20: Pregnant Patients

Chapter 20

Pregnant patients

By the end of this chapter you should be able to:
1. Discuss dental issues and conditions related to pregnancy with the patient.
2. List the signs and symptoms of pregnancy gingivitis.
3. Explain the risks of smoking, on mother and baby, during pregnancy.


Pregnant women are an important target group. Good advice on the oral cavity during pregnancy is important as pregnant patients have an increased risk of gingival damage, caries and tooth erosion. Diet and smoking are also important factors for the oral and general health of the patient and the unborn child.

The oral health educator (OHE) should be able to explain changes that pregnant mothers may have noticed in the health of their mouths, give advice and reassurance, and help them develop an effective oral health routine, which they can continue as their family grows. The OHE should also be able to provide advice on diet and lifestyle.

Pregnant women are generally very receptive to information and keen to do the best they can for their health and that of the coming baby. During routine antenatal care, they are encouraged to seek dental advice, and many, who are not regular dental attendees, will attend during pregnancy for the sake of their coming child. They are encouraged further in the United Kingdom as NHS practices offer free NHS treatment to pregnant women. However, it is often difficult to register with an NHS practice and many pregnant patients therefore opt to stay with their private practice. Despite this, some pregnant patients (particularly in socially-deprived areas) are unaware of the need for good oral hygiene and diet during pregnancy.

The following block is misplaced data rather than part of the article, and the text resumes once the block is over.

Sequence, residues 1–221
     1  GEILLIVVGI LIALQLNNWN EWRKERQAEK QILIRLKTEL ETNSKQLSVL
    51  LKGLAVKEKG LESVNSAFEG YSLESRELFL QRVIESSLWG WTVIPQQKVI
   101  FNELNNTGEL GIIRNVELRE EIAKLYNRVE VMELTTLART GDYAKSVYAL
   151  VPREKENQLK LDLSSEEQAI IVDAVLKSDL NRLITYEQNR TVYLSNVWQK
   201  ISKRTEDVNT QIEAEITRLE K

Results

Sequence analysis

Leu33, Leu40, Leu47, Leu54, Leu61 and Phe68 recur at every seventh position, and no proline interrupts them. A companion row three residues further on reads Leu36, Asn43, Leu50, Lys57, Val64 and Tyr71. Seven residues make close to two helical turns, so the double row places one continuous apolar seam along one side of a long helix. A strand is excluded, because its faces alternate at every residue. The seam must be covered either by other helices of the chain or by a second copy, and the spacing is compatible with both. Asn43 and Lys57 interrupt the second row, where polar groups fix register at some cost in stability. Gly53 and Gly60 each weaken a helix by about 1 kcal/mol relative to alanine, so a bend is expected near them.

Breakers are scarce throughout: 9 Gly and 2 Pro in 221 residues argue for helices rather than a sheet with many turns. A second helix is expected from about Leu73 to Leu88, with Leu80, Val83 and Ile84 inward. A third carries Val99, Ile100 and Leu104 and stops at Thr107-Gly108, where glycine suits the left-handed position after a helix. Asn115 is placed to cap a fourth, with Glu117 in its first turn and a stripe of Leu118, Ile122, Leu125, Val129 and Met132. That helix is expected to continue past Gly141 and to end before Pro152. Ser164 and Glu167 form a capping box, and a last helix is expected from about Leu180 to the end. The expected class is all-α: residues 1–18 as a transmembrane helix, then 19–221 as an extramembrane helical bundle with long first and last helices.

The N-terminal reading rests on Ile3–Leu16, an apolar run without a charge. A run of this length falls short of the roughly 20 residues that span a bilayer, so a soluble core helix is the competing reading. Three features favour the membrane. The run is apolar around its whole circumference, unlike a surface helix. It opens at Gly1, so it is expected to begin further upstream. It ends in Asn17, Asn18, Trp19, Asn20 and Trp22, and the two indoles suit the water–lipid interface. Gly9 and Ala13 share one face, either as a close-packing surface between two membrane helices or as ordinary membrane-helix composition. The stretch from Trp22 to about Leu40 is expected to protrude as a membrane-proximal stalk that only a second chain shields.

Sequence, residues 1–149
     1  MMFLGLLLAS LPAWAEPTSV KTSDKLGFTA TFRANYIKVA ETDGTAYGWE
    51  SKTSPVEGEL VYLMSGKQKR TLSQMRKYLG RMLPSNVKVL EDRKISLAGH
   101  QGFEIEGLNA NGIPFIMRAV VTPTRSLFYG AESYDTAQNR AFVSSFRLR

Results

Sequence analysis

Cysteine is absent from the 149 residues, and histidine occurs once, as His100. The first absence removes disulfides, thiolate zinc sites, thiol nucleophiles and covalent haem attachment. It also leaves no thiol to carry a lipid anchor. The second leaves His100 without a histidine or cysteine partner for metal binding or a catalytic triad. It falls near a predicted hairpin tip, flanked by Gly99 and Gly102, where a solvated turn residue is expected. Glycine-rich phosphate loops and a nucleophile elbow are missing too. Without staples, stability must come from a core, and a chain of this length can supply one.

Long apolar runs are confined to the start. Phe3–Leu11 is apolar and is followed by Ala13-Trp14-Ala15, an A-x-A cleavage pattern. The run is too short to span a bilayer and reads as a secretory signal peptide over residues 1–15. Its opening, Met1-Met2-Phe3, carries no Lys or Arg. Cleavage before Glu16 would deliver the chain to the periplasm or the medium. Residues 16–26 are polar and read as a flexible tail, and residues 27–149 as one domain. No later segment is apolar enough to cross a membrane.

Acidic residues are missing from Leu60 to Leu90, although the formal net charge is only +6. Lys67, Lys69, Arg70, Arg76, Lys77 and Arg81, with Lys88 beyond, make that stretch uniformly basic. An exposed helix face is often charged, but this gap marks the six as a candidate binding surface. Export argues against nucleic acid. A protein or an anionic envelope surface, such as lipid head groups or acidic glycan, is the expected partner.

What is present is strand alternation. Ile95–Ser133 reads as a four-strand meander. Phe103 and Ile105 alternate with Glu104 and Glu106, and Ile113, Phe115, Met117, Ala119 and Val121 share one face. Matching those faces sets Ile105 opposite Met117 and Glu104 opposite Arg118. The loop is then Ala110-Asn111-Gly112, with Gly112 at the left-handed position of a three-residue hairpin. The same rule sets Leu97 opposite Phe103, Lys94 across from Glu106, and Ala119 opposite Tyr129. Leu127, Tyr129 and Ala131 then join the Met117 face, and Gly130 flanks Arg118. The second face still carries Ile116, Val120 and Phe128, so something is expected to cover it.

Lifestyle advice during pregnancy

It is important not to give out of date or conflicting advice, and OHEs should check what advice other members of the health care team (e.g. midwives) are giving to pregnant women. Be aware of local and national initiatives, such as Healthy Start – an NHS programme which gives good advice on diet and lifestyle for pregnant patients – as well as financial benefits that may be available [1]. In Scotland, Ready Steady Baby [2], and in Wales, the Pregnancy Guide [3] are also very good resources.

Questions on the developing embryo and foetus

The OHE should be able to give advice on how the oral cavity develops in the growing embryo and foetus in case a patient asks, particularly with reference to queries about cleft lip and palate (see Chapter 1).


A patient’s susceptibility to the following oral diseases and conditions can increase during pregnancy.

Erosion (see also Chapter 6)

Susceptibility to erosion can increase during pregnancy due to:

  • Vomiting (morning sickness) – regurgitation of stomach acids.
  • Increased acidic foods/drinks intake. An increased intake of ‘healthier’ foods by pregnant women may inadvertently increase the amount of acidic drinks and foods during pregnancy, such as fruit, fruit juices and dressed salads.


Provide advice on:

  • Diet. Restricting acidic foods and drinks (and to regular mealtimes).
  • Gentle toothbrushing – allow an hour after consuming acidic foods or drinks. Do not brush immediately after vomiting.
  • Fluoride application – to increase tooth resistance to acid (e.g. toothpaste and mouthwash).

Caries (see Chapter 5)

Susceptibility to caries can increase during pregnancy, due to:

  • Cravings/frequent snacking (often for sweet foods).
  • Nausea when toothbrushing and/or a dislike of the taste of a particular toothpaste can lead t/>
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Jan 4, 2015 | Posted by in General Dentistry | Comments Off on 20: Pregnant Patients
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